Today is my 31st birthday, and the perfect time to make a change for the better. So I have resolved to not buy any clothing for one year AND to donate 26 items from my current wardrobe each month until my next birthday.
Last night, I finally worked up the nerve to watch The Total Cost – a documentary about the clothing industry and how “fast fashion” is impacting the global economy – not to mention thousands of people around the world. I have been asking Brett to watch it with me for a while now, but finally gave up and decided to watch it by myself – except I was hesitant because I suspected it would mean I would have to make a change and I wasn’t quite certain I was ready for another big change just yet.
But Brett was working late last night, and the kids were all in bed, and I had a pint of dairy free Haagen Das [a birthday treat]…so it seemed like the perfect time to relax in front of a documentary [my favorite!]. Besides, putting it off wasn’t going to make the problem go away and clinging to my willful ignorance was only preventing me from making what little difference is in my power to make.
[Willful ignorance is the absolute worst offense, by the way.]
So, here I am, trying to make a difference. It won’t be a big difference, but I will at least be putting my consumer dollars where my mouth is, so to speak.
To start, I am not going to purchase any clothing [or accessories or even shoes] for myself for one year. [The only exception being piercings which require the purchase of earrings]. If I have to buy something for my kids that I can’t borrow, I will buy second hand.
Also, I will be donating 26 items from my current wardrobe each month for one year. Today, I spent a significant amount of time taking inventory of all my clothes. I have 486 items of clothing (not counting shoes, hats, coats/jackets, winter accessories, and a huge bin of maternity clothes in the shed).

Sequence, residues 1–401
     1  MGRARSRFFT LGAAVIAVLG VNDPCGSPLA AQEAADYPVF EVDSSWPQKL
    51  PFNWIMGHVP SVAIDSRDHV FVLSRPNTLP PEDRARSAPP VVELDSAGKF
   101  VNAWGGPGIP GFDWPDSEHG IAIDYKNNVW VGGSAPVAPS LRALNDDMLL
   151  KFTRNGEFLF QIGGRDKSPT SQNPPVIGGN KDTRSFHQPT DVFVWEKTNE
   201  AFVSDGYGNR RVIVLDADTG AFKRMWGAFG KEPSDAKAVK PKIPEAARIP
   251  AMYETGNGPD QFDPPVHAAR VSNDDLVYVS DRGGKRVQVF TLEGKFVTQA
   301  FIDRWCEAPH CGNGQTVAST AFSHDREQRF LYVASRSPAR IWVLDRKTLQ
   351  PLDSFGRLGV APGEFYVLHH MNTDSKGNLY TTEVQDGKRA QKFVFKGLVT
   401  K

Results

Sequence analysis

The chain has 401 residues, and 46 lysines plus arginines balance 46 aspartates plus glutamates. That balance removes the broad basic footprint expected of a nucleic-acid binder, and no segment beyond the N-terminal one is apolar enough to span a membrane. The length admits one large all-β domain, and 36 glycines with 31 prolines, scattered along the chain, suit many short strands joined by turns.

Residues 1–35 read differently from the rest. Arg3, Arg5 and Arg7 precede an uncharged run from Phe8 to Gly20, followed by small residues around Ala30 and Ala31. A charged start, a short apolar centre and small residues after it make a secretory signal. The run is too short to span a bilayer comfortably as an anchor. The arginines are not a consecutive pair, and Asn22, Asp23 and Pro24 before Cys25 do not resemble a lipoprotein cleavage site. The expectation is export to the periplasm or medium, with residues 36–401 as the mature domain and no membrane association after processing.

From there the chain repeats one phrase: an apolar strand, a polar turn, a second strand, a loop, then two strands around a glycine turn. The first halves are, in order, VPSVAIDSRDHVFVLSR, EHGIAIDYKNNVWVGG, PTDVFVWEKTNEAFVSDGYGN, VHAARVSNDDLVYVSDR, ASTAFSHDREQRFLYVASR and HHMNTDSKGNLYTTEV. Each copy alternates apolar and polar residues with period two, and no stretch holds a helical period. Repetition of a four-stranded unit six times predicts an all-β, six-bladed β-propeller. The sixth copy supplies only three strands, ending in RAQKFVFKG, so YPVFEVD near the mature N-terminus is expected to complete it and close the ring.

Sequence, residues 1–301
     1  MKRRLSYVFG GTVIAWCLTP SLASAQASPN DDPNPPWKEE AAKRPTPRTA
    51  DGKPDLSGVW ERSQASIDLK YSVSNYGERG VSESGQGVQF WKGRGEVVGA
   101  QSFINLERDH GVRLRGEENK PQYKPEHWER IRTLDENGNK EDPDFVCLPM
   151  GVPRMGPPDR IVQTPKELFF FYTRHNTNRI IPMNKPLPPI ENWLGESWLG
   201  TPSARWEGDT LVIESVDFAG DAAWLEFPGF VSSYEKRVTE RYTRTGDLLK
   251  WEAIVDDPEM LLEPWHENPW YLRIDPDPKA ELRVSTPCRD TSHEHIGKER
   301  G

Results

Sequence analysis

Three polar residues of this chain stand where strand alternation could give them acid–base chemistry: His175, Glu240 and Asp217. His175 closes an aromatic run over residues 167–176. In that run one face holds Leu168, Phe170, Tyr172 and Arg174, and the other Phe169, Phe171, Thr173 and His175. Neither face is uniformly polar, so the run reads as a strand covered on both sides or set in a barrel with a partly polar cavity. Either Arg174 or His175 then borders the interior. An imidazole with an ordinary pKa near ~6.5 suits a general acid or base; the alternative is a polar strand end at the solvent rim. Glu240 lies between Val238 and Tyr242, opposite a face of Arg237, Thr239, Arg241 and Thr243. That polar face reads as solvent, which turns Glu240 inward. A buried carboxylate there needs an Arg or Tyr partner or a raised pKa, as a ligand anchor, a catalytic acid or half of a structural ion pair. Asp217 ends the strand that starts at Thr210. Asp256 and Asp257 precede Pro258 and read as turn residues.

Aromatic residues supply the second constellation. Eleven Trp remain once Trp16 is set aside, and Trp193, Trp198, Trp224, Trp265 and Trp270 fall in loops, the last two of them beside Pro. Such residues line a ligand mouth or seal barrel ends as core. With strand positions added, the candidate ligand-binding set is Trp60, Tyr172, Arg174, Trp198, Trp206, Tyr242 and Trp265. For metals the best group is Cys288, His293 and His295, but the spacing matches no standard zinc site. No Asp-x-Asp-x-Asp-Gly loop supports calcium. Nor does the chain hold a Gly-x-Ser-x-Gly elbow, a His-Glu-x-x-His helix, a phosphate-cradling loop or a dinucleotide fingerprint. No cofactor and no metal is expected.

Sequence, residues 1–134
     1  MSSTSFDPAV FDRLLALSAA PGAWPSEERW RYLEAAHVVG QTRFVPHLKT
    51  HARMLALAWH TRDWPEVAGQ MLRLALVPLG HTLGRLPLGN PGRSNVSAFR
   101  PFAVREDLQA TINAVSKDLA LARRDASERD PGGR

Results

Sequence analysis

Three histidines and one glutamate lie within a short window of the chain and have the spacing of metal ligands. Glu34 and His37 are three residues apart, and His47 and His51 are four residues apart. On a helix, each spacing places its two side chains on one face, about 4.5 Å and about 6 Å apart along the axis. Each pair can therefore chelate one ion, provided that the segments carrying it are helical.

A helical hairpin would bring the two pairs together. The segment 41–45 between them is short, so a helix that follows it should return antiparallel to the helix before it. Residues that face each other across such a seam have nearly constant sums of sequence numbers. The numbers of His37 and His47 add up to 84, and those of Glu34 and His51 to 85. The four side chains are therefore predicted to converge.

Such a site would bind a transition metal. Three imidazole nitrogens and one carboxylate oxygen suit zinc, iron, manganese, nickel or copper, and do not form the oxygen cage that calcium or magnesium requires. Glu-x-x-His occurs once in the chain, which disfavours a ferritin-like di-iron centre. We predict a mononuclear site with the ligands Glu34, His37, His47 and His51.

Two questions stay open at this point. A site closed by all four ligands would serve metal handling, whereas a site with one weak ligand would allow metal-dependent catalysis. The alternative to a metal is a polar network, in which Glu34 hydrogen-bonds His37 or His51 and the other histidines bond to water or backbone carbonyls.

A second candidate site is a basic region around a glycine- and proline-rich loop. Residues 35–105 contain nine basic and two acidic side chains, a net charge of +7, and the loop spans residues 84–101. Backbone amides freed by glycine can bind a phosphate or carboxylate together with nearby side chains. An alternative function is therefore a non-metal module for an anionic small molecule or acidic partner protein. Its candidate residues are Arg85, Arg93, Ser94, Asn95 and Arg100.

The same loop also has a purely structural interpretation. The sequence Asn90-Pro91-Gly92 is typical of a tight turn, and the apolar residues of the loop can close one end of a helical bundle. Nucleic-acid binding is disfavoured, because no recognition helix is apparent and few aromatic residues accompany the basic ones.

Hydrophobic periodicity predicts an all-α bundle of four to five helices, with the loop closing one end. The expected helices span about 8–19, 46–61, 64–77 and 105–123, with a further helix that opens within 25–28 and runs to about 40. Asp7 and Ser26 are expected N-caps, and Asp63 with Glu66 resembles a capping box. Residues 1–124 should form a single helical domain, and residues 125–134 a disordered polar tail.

This is crazy. I only wear about 10% of this stuff. Half of it I had literally forgotten existed. And most heinous of all – an embarrassingly large number of these items have never even been worn.
After logging everything by item type and evaluating my needs, I determined I can comfortably get my wardrobe down to 175 total items. [That number is still so HUGE!]. Maybe some day I will reduce it even more, but for now, that’s my goal and it equals about 26 items per month.
Instead of donating to a business that will profit off of the sale of my clothes, or ship overseas to hurt local clothing industries, I’m going to donate to a church in my neighborhood that does a “community closet” every couple months and gives the clothes away for free to people in need.
Finally, when I do purchase clothing again in the future, I will purchase from fair trade organizations and pay more money for quality clothes that will last a long time and that have been ethically sourced.
I’m sad to say that I used to justify buying clothes because they were so cheap without even thinking about how they were produced so cheaply or who the industry may be hurting in order to give me cheap stuff I don’t even need. I have probably even said that it doesn’t matter if the quality is bad because it is so cheap I can just toss it and buy another. Wow. My perspective has done a total 180°. Of course, I knew sweatshops existed. I just didn’t think of myself as being a direct part of it. But now I see how my demand for inexpensive products has added to the suffering of others around the world. And trying to excuse poor wages and dangerous working conditions as “helping the economy” is no longer going to cut it for me.
[I realize that my family’s income is from the very industry I’m talking about. I’m not trying to be hypocritical. I’m not ignoring it, I’m working on that too. But some changes can’t happen over night.]
Anyway, now I have to go put all my clothes back away.